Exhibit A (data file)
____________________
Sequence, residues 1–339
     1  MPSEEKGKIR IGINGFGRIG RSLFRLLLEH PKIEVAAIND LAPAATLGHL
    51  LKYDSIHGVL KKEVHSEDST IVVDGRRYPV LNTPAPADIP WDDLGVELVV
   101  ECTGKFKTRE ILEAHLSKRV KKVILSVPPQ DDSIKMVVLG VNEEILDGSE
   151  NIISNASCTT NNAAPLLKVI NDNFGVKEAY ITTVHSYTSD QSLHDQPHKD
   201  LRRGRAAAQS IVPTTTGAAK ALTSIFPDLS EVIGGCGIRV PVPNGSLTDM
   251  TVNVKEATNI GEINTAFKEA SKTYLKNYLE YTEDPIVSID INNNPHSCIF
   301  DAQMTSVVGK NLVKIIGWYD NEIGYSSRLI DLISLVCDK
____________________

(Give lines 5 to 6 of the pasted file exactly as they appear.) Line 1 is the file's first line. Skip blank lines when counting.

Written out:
   151  NIISNASCTT NNAAPLLKVI NDNFGVKEAY ITTVHSYTSD QSLHDQPHKD
   201  LRRGRAAAQS IVPTTTGAAK ALTSIFPDLS EVIGGCGIRV PVPNGSLTDM